Touch of e-vil

I'm not making this up. In France, upscale restaurants trap tiny endangered birds called ortolans, keep them in the dark and force-feed them flour and cognac, then drown them, bake them in their own fat, and serve them hot from the oven.

I'm not making this up. In France, upscale restaurants trap tiny endangered birds called ortolans, keep them in the dark and force-feed them flour and cognac, then drown them, bake them in their own fat, and serve them hot from the oven. Customers hold the sizzling birds by the beaks, then pop them into their mouths whole, munching happily away on bones, skin, and guts. Since serving protected ortolans in a restaurant is illegal and shameful, diners shroud their heads and plates with large napkins.

But when it comes to major-league, kick-out-the-jams, high-octane shame, nobody does it better than we Yanks. By combining primal, unstoppable greed, a government administration that looks the other way, and a legal system that's utterly out of control, a handful of Internet bigwigs have cornered the market on nasty behavior. And nobody makes napkins big enough to cover these heads.

Among the worst offenders are the lawyers who recently extorted 2 billion bucks from Toshiba because of an exotic bug in a third-party notebook floppy drive that hadn't actually hurt even one of its 5.5 million laptop users—and then piled on Compaq, Hewlett-Packard, NEC, and eMachines (even though eMachines doesn't even make notebooks!).

Ditto a new California class-action suit against Microsoft—one of seven currently pending—that claims Micro soft charged too much for Windows. In California the rules are so liberal that you don't even have to actually purchase a product to sue on the basis of being overcharged. Some more tea, Mr. Hatter?

Companies cave because they're afraid redneck juries will punish big, rich, out-of-state corporations. Toshiba president Taizo Nishimuro says he suspected a hostile Texas jury would nail his company with an $8 billion–plus judgment.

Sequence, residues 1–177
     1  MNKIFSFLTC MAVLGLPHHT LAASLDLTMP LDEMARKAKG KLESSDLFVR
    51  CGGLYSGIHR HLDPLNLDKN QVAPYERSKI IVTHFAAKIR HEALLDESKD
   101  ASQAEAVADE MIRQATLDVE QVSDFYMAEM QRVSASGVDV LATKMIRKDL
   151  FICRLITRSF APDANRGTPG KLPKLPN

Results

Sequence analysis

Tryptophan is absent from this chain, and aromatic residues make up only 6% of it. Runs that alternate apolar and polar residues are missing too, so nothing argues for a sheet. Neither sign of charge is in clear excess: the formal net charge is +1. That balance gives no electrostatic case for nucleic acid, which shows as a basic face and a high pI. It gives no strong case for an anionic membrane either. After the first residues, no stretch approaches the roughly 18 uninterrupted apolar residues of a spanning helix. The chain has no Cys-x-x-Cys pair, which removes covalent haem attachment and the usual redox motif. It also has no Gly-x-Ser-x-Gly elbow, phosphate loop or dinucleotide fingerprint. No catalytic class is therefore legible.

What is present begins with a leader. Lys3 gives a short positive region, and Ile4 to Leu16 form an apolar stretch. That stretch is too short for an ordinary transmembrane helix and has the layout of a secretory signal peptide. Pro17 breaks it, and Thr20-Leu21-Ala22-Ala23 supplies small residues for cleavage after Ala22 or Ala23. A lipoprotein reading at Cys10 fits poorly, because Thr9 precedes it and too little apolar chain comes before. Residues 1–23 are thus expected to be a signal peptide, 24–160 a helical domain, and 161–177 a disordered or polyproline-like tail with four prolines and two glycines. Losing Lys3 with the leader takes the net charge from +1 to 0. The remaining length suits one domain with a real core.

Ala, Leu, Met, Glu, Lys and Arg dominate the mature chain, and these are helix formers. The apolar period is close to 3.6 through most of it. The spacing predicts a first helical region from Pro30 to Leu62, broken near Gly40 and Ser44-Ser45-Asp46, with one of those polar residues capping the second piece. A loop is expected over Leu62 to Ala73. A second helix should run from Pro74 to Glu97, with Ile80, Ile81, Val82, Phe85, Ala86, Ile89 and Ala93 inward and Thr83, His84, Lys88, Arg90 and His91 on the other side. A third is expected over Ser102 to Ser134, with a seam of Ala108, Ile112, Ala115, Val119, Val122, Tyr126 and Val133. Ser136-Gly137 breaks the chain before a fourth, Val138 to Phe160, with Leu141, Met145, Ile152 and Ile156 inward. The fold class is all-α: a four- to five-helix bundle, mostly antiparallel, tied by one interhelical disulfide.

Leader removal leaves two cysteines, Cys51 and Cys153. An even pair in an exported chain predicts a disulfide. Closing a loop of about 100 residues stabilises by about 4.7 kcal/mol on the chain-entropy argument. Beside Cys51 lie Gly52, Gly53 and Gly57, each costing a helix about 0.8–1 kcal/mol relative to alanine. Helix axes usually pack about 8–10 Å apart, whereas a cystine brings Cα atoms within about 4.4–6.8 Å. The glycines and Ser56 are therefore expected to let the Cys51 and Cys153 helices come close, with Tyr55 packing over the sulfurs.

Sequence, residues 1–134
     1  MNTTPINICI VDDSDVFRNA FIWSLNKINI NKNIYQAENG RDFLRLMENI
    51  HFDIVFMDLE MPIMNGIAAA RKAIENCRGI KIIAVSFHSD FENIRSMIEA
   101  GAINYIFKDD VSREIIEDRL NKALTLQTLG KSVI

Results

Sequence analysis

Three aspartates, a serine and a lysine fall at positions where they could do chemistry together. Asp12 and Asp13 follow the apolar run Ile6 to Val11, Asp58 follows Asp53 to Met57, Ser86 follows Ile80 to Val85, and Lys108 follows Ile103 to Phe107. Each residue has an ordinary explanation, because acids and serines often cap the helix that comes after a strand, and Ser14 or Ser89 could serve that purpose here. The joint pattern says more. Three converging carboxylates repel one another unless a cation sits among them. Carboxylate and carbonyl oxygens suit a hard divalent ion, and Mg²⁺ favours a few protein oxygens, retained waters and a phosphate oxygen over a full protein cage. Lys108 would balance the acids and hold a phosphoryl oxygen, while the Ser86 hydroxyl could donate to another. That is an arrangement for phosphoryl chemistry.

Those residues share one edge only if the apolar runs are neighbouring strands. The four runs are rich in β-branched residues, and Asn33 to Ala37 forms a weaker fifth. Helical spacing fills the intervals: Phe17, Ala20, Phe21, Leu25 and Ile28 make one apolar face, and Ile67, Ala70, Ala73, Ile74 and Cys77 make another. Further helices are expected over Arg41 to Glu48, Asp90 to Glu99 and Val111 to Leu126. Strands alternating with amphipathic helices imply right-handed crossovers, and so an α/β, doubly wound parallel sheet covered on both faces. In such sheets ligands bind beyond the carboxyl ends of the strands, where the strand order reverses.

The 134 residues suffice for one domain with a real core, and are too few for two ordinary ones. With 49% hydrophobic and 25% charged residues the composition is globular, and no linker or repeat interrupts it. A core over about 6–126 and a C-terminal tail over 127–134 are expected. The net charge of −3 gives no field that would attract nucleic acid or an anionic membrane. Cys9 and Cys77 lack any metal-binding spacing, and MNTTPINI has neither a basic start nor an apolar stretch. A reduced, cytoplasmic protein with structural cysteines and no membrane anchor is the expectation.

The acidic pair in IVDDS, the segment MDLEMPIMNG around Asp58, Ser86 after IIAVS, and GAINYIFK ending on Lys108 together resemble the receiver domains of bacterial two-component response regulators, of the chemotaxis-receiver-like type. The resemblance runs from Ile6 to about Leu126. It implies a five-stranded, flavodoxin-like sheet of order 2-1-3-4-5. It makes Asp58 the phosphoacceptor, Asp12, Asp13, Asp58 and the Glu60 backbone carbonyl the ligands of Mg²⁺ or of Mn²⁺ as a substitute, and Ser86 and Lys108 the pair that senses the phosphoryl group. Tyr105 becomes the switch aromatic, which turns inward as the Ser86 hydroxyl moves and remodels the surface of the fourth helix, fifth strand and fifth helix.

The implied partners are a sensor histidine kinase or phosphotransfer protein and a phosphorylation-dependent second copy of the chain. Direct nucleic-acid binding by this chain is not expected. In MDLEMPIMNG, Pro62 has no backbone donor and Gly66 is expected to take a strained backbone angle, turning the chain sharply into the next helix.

It gets worse.

In December U.S. District Court Judge Marsha Pechman ruled that Barnesandnoble.com's "express lane" button was too similar to Amazon.com's one-click ordering button, and that Amazon would suffer "irreparable harm" as a result. Now at Bn.com you have to click twice (the second time is a "confirmation" page).

Or consider these: LinkShare somehow patented a link. DoubleClick is suing several sites for targeting ads. Yahoo is being sued for a small feature in its shopping basket. And one prominent rascal, Jay Walker, head of Priceline, is suing Microsoft for using reverse auctions in its Expedia travel site.

Walker deserves a special place in this rogues' gallery. His kind of "innovation" involves sitting down with a cabal of patent lawyers to lock up as many Internet basics as possible. He's already snagged 30, and he has 300 more in the works.

OK, having to click twice instead of once may not be such a big deal. And protecting genuine innovation is important. The problem is that one-click shopping is a broad device that every site should have and that by suing, Amazon is stifling progress. Reverse auctions were around long before Walker tried to grab the rights. What's he going to do next? Lock up the Back button, or e-commerce in general? Stuff this broad shouldn't be patentable.

The real disgrace is that the same Clinton administration that pummels Microsoft for supposedly slowing down innovation is gleefully letting these insane patents glide through.

There are lots of threats to progress, such as the current Justice Department vendetta, the push by selfish localities and stores like Wal-Mart to tax the Internet to death, and the foot dragging by utilities that refuse to install high-bandwidth plumbing. But greedy tycoons who want to hijack all the Web's basic building blocks are the worst. They should be ashamed of themselves.

E-mail paul_somerson@zd.com

Newsletters

You have been successfully signed up. To sign up for more newsletters or to manage your account, visit the Newsletter Subscription Center.
See All
See All